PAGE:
HM Revenue & Customs (HMRC) has clarified the tax treatment of fixtures and fittings in residential letting properties.
In a letter to the Chartered Institute of Taxation, HMRC has laid out how tax relief of furnished and unfurnished properties is expected to work.
HMRC policy and technical specialist Jas Bhanghu explains that the renewals allowance now has a ‘very limited application’.
“This would relate to short-life items like crockery and rugs that a landlord might expect to replace every year or so,” writes Bhanghu.
“However, the allowance does not apply to carpets or higher value items that landlords would not expect to replace that often. However, relief for this expenditure is available as a revenue expense.”
He also clears some of the issues confusing landlords over white goods.
“Washing machines, fridges and the like are not covered by the renewals scheme. They are capital items, but HMRC accepts where they are integrated appliances they would be deductible as a repair when replaced.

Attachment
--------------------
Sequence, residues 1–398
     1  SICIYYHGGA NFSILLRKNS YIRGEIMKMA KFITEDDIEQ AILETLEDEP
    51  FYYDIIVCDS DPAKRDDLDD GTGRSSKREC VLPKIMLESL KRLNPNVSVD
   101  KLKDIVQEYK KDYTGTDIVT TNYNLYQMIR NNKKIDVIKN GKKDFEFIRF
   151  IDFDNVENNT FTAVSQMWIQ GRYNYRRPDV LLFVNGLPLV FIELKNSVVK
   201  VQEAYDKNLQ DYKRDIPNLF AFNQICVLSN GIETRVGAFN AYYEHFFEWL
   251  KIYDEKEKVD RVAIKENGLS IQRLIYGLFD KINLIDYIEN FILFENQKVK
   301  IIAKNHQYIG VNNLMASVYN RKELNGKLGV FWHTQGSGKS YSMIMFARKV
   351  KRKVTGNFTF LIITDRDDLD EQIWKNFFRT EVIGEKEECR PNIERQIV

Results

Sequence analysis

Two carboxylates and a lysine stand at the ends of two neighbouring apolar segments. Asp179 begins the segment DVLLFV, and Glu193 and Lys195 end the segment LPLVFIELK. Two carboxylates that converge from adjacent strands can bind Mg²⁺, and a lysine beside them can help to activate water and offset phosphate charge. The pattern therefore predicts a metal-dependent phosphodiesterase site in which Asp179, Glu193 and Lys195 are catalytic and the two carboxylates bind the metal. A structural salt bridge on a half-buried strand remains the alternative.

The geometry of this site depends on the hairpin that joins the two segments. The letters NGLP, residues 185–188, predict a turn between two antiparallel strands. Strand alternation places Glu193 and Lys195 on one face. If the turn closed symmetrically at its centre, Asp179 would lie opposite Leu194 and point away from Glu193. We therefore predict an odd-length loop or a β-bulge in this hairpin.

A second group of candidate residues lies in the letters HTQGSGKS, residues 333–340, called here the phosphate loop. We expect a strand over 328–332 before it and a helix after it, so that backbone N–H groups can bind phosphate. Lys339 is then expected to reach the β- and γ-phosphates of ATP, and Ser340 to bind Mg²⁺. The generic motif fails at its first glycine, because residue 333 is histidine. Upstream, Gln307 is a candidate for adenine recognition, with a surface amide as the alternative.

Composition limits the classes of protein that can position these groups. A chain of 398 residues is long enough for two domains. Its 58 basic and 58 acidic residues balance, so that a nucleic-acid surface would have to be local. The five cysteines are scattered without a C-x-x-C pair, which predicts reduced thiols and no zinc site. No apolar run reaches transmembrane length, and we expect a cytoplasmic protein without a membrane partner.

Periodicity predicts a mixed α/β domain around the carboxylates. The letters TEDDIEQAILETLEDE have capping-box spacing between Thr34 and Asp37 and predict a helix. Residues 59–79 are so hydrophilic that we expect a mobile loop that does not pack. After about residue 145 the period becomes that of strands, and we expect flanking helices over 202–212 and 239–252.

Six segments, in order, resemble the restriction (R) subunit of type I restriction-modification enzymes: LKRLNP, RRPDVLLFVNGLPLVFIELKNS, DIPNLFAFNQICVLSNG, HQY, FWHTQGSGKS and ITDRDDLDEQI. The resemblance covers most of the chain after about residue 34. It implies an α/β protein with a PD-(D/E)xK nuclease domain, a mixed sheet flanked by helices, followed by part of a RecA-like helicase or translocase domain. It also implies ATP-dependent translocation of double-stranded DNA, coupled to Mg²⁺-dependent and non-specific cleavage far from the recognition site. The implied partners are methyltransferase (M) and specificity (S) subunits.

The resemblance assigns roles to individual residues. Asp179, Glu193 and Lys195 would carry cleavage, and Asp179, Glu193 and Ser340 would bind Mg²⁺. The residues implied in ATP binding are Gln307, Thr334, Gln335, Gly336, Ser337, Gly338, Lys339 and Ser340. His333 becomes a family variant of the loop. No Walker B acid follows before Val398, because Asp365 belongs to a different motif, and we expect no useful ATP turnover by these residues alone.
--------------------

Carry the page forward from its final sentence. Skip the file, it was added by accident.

“Free standing white goods are not capital items and capital allowances are not available for furniture and household equipment provided for use by tenants in residential property.”
HMRC also explained that the 10% wear and tear allowance remains unchanged – but only applies to a buy to let or house in multiple occupation (HMO) let with enough furniture, furnishings and equipment that makes the property available for normal residential use.
The wear-and-tear allowance is deducted as 10% of net rents – that’s rent charged less services paid by the landlord that the tenant would generally pay for, like utilities.
The claim can be made regardless of whether any replacements or renewals have occurred during the year.
HMRC is also promising to review the impact of the changes on landlords.
Read the full HMRC guidance letter on renewals and wear and tear allowances